When we last voted on European membership, 35 years ago, it was called the Common Market. In Parliament today, a debate has been scheduled on whether we should hold another referendum on that membership. It has been granted because 100,000 voters signed a petition on a government web site designed to promote democratic debate.
We are told by every government spokes-person that this is not the time for such a debate. That a referendum in 2013 or 2014, would be a damaging and irrelevant action. That despite 38 years of membership of this European venture, now is not the right time to come to a decision as to whether we want to remain members; that the economic crisis caused by sovereign debt across Europe - deeply exacerbated by the failing Euro - and which is now causing mass unemployment across not just the Eurozone, but throughout Europe, means that this is not the right time to have such a debate.
Mr Cameron, 100,000 people demanded this debate precisely because the European Union and its Euro currency has been such a truly terrible disaster for our people. They believe that the hubris and incompetence of the political class in allowing this to happen should now be stopped - that a line should be drawn, and a referendum take place in which the people can give their politicians an answer on European membership.
This is democracy in its purest and most simple form which will allow you and your colleagues to make the argument for or against the proposal. Saying that now is not the time is the excuse of despots and dictators throughout history - their deceitful calls for 'stability' are always used to stifle change...
To act as Labour urges and abandon the cornerstone of the Coalition’s economic strategy, namely getting the public finances back under control, would be to risk another catastrophe in the banking system – and, by raising interest rates, a similarly destructive meltdown in household and corporate finances. That is no kind of alternative strategy. Writes Jeremy Warner.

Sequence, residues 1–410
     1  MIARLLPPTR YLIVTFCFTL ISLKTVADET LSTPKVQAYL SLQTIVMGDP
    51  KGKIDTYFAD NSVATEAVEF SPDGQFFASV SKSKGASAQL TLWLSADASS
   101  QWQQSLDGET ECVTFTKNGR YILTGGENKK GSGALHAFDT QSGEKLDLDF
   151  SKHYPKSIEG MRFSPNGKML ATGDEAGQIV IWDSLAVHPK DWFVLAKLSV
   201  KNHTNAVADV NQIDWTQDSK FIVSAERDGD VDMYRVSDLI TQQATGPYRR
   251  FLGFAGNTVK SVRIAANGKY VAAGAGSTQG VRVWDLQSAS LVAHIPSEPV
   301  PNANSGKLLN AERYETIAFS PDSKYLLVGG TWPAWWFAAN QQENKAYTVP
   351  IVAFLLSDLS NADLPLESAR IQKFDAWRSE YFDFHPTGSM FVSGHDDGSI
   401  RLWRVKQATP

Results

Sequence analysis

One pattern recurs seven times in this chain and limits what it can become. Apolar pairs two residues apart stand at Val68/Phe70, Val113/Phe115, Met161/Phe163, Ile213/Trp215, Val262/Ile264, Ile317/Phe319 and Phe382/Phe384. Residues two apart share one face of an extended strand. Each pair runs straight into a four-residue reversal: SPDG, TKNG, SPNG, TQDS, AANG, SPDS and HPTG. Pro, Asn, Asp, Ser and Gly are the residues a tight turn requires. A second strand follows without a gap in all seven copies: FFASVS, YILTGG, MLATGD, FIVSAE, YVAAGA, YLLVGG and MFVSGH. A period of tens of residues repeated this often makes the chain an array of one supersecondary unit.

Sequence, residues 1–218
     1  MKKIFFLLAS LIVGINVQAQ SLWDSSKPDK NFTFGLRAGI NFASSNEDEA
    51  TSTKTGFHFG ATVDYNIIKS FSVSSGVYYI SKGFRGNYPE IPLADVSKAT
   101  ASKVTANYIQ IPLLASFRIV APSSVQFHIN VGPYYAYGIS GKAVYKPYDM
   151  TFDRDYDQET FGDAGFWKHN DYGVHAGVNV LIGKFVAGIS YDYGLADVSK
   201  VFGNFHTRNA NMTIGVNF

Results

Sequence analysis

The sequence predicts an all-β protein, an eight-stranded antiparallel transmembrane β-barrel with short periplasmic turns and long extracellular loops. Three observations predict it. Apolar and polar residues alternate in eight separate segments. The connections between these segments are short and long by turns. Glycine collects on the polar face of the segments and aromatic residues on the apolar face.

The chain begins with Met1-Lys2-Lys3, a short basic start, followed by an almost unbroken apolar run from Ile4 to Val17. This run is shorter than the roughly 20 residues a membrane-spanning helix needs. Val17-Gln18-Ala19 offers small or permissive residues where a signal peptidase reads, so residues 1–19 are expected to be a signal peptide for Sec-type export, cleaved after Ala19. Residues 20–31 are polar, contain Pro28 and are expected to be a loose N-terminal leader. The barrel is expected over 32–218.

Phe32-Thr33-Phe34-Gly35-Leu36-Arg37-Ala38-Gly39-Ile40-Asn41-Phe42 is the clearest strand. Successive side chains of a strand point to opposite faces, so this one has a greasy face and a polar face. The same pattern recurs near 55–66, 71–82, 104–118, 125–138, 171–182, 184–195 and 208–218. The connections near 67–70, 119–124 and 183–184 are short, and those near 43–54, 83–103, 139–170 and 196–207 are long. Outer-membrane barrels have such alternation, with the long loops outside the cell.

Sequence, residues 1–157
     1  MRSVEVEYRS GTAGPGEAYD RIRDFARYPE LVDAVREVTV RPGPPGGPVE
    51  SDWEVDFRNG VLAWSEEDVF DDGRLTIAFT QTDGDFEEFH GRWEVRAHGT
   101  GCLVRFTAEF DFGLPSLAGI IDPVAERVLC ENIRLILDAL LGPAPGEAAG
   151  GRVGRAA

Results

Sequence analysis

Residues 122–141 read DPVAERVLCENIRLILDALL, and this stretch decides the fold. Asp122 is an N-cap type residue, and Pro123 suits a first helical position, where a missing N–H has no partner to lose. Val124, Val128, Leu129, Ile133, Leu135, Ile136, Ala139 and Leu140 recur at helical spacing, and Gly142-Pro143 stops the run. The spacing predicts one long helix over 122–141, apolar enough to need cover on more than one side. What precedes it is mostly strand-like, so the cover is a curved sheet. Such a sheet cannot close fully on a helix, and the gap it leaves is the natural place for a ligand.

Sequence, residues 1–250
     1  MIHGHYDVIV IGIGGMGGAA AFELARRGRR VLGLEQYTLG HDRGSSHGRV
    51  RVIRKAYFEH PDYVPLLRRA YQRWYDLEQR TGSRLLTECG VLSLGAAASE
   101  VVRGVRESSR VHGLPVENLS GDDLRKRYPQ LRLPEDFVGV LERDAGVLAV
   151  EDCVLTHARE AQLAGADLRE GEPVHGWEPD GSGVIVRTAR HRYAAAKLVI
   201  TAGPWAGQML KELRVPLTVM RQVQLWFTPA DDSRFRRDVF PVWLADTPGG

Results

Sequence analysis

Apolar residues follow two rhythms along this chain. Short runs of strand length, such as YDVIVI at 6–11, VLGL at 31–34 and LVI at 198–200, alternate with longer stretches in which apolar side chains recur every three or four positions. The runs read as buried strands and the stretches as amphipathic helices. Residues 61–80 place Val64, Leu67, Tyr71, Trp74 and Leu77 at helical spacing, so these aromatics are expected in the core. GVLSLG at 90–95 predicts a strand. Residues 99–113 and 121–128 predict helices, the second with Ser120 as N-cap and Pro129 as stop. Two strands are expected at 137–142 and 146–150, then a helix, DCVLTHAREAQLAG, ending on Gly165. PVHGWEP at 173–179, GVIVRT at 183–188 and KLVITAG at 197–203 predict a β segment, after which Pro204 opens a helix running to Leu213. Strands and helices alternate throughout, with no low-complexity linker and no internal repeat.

With the benefit of hindsight, it is abundantly clear how the mess we are in came about. For many years now, a number of advanced economies – including Britain’s – have been living in a kind of fool’s paradise. The balance of economic and productive advantage moved decisively from West to East, yet apparently limitless credit allowed living standards to continue rising, even as competitiveness was being eroded. There’s now been a rude awakening – and the adjustment, which is responsible for most of the stresses in the world economy today, is proving long and painful. Debtors are still not properly reconciled to having to live within their means, while creditors won’t accept the inevitability of writedowns. The result is a stand-off that is causing economic activity to seize up.
Repeated bail-outs are as repugnant to the eurozone’s surplus nations – such as Slovakia or Germany – as externally imposed austerity is to its debtors. The Slovak government has already fallen; on the other side of the fence, endless rounds of austerity look as if they might bring the Italian government down as well. In attempting to make the euro work, politicians are riding roughshod over their own electorates. It is as unsustainable as it is insulting to the principle of democracy.
With public sector demand shrinking almost everywhere, governments need the private sector to step up to the plate and provide the jobs and growth they can no longer deliver. For that to happen, a strong financial sector is required, one ready and willing to meet the economy’s credit needs. Yet instead, the reverse is happening. Ever more stringent capital and liquidity requirements, designed to make banks safer, are causing further balance sheet contraction and adding to the atmosphere of extreme risk aversion. As long as banks and businesses remain stuck in this mindset, there will be no sustainable return to growth.